“Humans are not capital or resources”
Angela Bailey is a retired human capital officer who worked for the Department of Homeland Security. She returned to a hearing in the United States Senate recently, marking the occasion of the 20th anniversary of when Congress first created the role of Chief Human Capital Officer (CHCO). Bailey’s remarks were a welcome reminder that even if companies and government agencies often use terminology that defines their employees as assets, those employees are–above all–human beings.
The creation of the CHCO role was aimed at making the workplace in federal agencies a little more closely aligned with the reality that each worker brings their humanity to the job. The CHCO was tasked with looking at the mission and goals of an agency or department and then developing strategies for bringing the workforce along in a way that met both those goals and employee needs.
The hope was–and remains–that a conscientious CHCO could create benchmarks of performance, while still allowing human growth to flourish. It can be tempting for the head of any business or governmental organization to see operational performance and human development as separate goals. Bailey’s remarks clarified that they are ultimately aligned.
“As I have said many times, what goes on at home, comes to work and what goes on at work, goes home”, she went on to say. The need to consider the totality of the person–their goals and quality of life continue to be essential to agency or departmental performance.
It’s therefore helpful to consider Bailey’s comments in light of a new challenge the federal workforce faces–following up on President Biden’s call at the State of the Union address to return to in-person work.
The Remote Work Challenge
The State of the Union speech summoned federal employees to be an example for private sector companies with a return to the office. Yet there are also letters where the president has referenced a desire “to build on innovations and technologies that we put to work serving the American people throughout the pandemic”. It’s far from unreasonable to think that remote work is one of those innovations. Particularly in light of the fact that a whopping 85 percent of federal employees reported higher quality of life when they are able to work from home.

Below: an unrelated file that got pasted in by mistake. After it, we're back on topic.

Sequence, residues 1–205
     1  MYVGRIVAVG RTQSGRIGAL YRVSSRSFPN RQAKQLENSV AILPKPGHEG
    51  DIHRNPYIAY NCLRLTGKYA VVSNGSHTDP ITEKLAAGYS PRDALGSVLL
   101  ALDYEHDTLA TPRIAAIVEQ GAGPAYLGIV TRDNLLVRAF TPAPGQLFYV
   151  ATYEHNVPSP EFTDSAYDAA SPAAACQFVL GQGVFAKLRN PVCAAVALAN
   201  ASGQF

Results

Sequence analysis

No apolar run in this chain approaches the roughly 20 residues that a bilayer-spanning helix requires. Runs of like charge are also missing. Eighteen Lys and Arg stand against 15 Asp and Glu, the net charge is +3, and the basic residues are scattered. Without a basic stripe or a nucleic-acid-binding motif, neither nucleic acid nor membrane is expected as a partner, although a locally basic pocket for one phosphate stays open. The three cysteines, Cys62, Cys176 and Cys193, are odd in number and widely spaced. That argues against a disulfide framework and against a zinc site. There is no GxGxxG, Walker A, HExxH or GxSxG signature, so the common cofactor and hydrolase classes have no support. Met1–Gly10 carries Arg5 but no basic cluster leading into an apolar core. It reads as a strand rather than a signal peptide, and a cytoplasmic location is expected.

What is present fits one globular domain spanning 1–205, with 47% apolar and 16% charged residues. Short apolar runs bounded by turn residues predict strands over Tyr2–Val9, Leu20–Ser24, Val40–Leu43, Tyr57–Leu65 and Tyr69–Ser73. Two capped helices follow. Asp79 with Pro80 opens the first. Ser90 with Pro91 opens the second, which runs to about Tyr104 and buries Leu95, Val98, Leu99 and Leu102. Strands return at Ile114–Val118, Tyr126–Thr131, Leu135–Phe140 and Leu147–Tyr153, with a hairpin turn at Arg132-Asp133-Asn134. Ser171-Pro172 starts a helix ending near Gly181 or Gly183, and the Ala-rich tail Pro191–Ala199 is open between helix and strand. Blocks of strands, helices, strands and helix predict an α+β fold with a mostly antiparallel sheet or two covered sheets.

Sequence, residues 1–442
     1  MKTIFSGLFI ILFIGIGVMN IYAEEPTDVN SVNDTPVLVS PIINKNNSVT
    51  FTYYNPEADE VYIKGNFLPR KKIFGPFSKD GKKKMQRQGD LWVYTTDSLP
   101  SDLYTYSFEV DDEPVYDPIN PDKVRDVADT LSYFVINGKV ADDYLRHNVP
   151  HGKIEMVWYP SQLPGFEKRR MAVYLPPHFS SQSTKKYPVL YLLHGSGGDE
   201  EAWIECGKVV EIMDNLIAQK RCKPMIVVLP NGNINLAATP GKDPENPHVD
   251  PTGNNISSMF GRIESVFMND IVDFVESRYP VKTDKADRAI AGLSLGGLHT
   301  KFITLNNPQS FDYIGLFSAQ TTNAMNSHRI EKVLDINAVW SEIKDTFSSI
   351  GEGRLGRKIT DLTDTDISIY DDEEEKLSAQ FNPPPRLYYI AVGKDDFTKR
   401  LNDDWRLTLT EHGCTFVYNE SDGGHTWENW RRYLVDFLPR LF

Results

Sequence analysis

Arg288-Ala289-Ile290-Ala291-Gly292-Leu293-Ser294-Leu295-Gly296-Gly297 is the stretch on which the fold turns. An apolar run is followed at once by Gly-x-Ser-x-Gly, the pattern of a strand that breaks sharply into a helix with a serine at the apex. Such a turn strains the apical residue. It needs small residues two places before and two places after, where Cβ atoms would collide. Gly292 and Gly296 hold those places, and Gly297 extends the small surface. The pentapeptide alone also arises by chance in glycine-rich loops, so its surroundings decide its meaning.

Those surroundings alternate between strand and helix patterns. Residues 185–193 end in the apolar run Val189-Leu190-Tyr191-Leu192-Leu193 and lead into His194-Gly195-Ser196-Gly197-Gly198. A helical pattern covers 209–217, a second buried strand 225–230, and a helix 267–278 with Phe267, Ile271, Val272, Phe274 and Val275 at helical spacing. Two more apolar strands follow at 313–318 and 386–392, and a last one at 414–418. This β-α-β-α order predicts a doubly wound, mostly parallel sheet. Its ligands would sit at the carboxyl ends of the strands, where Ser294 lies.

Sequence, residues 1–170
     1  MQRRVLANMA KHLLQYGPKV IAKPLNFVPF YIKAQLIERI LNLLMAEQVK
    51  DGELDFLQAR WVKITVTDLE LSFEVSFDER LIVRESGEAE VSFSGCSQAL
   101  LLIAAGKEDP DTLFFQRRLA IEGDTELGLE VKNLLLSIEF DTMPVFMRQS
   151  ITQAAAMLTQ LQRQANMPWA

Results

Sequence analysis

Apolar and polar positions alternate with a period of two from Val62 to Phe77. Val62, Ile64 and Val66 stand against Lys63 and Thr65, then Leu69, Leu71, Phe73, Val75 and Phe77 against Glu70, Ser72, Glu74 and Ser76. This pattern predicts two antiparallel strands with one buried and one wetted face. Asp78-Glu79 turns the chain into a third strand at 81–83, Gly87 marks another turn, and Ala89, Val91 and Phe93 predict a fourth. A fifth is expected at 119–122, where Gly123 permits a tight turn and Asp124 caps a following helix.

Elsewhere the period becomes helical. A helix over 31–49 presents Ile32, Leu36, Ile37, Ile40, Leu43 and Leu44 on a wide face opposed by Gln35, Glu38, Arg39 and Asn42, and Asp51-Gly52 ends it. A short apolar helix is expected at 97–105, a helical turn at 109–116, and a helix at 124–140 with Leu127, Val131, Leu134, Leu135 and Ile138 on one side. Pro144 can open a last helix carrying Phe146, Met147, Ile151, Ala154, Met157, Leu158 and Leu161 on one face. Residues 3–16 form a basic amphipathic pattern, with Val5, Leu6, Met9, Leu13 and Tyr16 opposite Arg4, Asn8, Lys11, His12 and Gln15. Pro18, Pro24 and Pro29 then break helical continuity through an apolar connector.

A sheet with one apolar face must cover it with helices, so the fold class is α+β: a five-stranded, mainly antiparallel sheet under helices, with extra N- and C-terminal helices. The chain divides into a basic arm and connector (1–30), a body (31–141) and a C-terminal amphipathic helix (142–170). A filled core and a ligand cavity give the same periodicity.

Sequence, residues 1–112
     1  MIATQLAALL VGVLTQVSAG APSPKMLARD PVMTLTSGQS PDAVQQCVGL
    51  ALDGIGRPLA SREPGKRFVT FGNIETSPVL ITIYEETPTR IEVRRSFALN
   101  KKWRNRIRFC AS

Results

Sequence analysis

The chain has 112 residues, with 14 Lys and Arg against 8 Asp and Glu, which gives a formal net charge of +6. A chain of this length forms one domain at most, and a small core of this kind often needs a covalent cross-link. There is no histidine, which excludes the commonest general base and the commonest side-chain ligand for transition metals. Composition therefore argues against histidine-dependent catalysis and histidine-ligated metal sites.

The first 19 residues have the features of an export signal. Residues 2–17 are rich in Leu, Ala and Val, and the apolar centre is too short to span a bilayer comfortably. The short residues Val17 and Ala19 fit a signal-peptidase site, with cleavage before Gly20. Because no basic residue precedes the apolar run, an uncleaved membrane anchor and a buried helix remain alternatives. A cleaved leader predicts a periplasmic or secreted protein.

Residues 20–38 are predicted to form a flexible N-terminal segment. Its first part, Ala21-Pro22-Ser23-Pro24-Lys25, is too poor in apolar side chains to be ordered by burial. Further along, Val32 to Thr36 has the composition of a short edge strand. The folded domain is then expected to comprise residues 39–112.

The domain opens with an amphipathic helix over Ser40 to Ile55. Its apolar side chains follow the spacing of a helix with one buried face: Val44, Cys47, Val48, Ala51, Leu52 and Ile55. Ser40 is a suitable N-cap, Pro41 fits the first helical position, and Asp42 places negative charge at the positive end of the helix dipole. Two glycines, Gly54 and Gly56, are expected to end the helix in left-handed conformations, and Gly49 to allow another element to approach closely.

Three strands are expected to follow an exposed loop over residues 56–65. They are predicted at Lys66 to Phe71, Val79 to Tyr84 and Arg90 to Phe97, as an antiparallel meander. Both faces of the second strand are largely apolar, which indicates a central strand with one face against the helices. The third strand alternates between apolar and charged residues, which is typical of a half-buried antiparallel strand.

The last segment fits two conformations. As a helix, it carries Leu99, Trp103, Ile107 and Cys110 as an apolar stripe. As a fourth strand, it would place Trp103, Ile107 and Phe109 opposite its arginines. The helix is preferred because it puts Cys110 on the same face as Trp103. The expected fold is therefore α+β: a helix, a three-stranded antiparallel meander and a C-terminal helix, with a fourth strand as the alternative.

Did the need to work from home hurt agency production though? That’s the current debate going on. Two different pieces of legislation (HR-6703 in the House and S-3672 in the Senate) have been introduced to require federal agencies to carry out a return to in-person work within thirty days. Both the merits of the legislation, and whether their edicts would run afoul of collective bargaining agreements with federal employee unions are the subject of further debate.
To this point only the Social Security Administration and the Department of Agriculture have actually announced plans to recall remote workers.
Discussion over remote work and its impact on productivity is just one area where the quality of life for federal employees can be impacted. Another recent study indicated that the stability and goals of agency leadership has an impact.
The Question of Leadership
The federal government is unlike any private sector firm in that a portion of its leadership are political appointees that change whenever White House occupancy changes. The study reported that federal employees are more likely to report better engagement with their superiors when that superior is part of the permanent civilian workforce, rather than a political appointee of the president and subject to confirmation in the U.S. Senate.
The difference in employee experience was not dramatic, but the study’s authors reported that it was big enough to be statistically significant. Perhaps it’s also not surprising. Political appointees may have different goals than the employees they supervise, and the very nature of a political appointment works against long-term strategic planning. An appointee is unlikely to want to invest time and resources into a project with a twenty-year vision when that project might be undone by their successor.
It’s not an easy question to answer. Voters rightfully want two things–they want agencies subject to the political leadership they have chosen. They also want agencies to function well. Sometimes those goals can conflict. It will be the job of our elected officials to figure out how to balance everything out. We hope that in their deliberations the words of Angela Bailey are taken to heart–that the employees who will implement the plans of elected officials are human beings in their own right. Treating them as such can only benefit everyone.
At John P. Mahoney, Esq., Attorney at Law, we know that real people can have real legal problems they need help with. Our talented team of lawyers is devoted specifically to issues that impact the federal workforce. We understand the law in these areas, and we empathize with what our clients want. Don’t hesitate to call us at (202) 350-3881 or contact us online when you need help.